Sandra Dodd

My husband just sent this to me. It might be a good explore for a
parent and child, or for just a parent!

This link is to an auction site (to be held soon) on a number of
Islamic pieces.

On the site is a link to an e-catalogue that allows you to view the
pieces (with a zoom function). There are a number of weapons and
calligraphy pieces in the collection. (I particularly like the inlay
on the 18th century Indian ax.) They even have some 10th century
Egyptian glass pieces. Total of 287 items. Interesting to see what
the truly rich spend their money on.

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Marina DeLuca-Howard

It is beautiful stuff, I just took a peak. Sad though it isn't in its
countries of origin providing some perspective on history for the Cultures
who produced it.

I did feel odd though that the science and technology and knowledge the
Muslims were discovering was at a time when the European Christians were
burning witches for using herbal cures, given the whole Christian debate on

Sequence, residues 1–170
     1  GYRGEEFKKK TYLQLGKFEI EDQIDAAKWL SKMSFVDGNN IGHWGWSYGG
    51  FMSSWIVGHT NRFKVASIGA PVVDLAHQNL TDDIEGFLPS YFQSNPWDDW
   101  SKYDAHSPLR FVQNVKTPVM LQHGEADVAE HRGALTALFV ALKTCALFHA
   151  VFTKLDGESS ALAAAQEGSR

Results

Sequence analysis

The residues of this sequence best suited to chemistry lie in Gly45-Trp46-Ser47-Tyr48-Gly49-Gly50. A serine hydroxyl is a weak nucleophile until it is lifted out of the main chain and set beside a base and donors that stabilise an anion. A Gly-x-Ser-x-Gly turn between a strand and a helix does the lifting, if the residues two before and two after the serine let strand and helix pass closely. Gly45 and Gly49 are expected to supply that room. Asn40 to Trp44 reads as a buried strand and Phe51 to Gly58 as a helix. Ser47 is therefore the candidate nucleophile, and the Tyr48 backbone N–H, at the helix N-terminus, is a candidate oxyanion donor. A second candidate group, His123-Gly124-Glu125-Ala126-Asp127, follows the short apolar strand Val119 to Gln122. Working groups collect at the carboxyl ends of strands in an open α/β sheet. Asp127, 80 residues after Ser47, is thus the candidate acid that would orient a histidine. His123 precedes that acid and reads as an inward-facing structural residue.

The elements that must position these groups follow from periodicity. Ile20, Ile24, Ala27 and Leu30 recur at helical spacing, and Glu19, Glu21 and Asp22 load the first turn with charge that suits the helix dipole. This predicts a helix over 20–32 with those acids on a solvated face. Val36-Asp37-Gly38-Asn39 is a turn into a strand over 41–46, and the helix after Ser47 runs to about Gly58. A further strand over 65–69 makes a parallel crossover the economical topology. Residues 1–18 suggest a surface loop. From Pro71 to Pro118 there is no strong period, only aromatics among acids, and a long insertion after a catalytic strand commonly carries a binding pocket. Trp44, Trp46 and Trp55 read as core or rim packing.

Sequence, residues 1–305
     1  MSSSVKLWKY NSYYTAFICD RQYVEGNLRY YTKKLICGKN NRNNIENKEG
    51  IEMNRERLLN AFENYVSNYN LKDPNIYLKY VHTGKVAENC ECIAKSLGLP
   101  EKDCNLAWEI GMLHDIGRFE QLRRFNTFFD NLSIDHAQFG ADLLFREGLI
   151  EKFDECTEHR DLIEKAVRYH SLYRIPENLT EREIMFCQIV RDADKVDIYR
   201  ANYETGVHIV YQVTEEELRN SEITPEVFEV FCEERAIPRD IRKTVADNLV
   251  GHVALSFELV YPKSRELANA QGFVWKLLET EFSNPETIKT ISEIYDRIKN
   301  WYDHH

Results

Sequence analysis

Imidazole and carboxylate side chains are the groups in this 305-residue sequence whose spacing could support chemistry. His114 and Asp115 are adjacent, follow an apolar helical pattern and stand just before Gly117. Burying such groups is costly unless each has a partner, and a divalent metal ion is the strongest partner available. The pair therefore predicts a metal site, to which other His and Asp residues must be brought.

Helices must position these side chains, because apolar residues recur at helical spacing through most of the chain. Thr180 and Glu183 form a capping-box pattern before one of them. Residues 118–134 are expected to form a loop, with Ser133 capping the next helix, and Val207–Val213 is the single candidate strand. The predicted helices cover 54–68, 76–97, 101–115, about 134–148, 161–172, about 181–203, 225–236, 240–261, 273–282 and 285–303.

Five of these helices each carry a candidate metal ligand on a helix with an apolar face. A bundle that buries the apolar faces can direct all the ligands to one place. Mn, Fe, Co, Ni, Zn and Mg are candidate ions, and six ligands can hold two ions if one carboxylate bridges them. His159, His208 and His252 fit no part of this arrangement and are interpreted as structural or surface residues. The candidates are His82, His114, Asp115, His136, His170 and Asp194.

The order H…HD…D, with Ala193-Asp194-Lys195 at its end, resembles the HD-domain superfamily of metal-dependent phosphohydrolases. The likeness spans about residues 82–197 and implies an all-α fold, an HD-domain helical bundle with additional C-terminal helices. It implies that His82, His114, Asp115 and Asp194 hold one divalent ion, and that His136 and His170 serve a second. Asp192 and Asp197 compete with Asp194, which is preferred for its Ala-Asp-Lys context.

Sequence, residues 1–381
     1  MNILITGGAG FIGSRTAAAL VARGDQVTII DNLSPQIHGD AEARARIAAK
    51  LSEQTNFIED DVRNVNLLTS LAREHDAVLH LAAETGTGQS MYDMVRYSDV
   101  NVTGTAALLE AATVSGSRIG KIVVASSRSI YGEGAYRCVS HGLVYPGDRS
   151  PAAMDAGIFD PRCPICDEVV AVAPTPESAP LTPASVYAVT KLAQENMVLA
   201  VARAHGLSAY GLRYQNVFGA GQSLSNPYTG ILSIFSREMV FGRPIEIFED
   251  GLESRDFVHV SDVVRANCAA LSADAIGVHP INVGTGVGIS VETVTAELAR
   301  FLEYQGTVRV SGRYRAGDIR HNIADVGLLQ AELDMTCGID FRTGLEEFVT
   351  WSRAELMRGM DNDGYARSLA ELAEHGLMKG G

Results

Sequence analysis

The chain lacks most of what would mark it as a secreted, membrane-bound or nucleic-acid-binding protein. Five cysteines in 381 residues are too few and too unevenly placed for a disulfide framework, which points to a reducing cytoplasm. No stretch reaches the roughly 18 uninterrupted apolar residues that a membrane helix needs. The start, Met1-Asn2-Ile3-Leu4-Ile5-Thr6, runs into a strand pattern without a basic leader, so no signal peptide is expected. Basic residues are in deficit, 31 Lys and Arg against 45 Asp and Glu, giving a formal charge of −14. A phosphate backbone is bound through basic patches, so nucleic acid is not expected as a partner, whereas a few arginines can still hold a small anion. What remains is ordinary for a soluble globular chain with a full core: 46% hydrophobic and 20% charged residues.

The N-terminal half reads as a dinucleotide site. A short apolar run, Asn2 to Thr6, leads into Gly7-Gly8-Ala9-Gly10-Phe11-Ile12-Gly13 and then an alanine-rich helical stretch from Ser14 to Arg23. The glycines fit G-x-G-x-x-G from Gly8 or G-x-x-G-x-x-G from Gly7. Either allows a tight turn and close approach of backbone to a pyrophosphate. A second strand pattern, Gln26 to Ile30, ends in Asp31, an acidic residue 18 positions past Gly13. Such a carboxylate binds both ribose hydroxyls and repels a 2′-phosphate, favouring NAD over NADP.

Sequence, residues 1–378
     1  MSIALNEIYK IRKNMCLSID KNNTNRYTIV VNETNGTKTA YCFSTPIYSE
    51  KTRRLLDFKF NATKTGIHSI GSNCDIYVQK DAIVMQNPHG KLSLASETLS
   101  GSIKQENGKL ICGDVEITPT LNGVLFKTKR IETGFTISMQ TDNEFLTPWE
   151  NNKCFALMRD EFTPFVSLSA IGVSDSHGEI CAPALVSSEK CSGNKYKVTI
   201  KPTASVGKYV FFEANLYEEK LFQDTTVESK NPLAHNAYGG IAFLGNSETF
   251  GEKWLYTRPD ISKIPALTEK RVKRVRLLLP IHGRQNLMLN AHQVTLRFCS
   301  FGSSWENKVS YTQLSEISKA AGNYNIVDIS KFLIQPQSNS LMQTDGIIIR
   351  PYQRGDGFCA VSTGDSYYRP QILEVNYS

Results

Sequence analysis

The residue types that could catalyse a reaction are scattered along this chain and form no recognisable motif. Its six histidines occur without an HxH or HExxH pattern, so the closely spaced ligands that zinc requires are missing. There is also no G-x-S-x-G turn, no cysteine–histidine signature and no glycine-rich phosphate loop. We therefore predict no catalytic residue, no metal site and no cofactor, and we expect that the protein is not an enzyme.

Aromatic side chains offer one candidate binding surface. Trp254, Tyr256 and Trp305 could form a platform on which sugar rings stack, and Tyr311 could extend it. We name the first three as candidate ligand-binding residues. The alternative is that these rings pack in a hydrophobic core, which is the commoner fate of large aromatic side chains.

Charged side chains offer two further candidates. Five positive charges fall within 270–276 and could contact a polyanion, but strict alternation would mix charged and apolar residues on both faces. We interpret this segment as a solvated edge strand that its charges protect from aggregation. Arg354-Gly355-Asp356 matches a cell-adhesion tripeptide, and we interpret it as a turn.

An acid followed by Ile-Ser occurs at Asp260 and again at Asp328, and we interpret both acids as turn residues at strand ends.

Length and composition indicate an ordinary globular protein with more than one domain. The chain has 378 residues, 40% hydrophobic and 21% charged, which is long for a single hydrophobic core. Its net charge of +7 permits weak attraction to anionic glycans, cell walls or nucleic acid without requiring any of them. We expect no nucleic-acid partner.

this list;) Funny how history progresses. I remember being surprised to
read at some point as a teen that the Muslims were using science at a time
when the Christians were putting ashes on their foreheads, and casting
demons to cure the sick. We get so much from that area of the world, even
the Greek philosophers/scientists(Euclid's elements tablet for sale on the
site) got 'rediscovered' through the Muslim libraries. I don't understand
the development of gender politics there though.

I remember when reading about menstruation in Muslim culture seeing two
possible interpretations explained: one contention was that there was a
mistranslation from older transcripts that claimed menstruating women needed
to be excused to rest as they were vulnerable during this time, and the
other contention was that menstruating women were sick/unclean and society
needed to be protected from them. I always love the contradictions, and the
re-discovery of knowledge.

Sad the truly rich can have pieces of history as knickknacks!

Thanks for the post,

Rent our cottage:

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Sandra Dodd

Sad the truly rich can have pieces of history as knickknacks!-=-

I don't think there ever has been a time or place in which that wasn't
true. It's less true now than before, quite likely. Museums and
universities buy things now; they don't just go to the guy with the
winningest army and the biggest fortress.


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